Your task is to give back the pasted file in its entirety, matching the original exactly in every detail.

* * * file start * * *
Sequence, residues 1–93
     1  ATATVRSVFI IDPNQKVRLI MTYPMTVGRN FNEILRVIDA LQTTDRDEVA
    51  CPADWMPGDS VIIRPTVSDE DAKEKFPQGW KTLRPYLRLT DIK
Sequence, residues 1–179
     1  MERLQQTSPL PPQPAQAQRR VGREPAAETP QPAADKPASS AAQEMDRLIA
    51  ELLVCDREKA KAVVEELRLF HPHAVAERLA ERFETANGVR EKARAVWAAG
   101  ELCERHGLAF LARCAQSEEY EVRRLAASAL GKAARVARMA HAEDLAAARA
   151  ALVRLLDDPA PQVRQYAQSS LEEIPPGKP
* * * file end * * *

Sequence, residues 1–93
     1  ATATVRSVFI IDPNQKVRLI MTYPMTVGRN FNEILRVIDA LQTTDRDEVA
    51  CPADWMPGDS VIIRPTVSDE DAKEKFPQGW KTLRPYLRLT DIK
Sequence, residues 1–179
     1  MERLQQTSPL PPQPAQAQRR VGREPAAETP QPAADKPASS AAQEMDRLIA
    51  ELLVCDREKA KAVVEELRLF HPHAVAERLA ERFETANGVR EKARAVWAAG
   101  ELCERHGLAF LARCAQSEEY EVRRLAASAL GKAARVARMA HAEDLAAARA
   151  ALVRLLDDPA PQVRQYAQSS LEEIPPGKP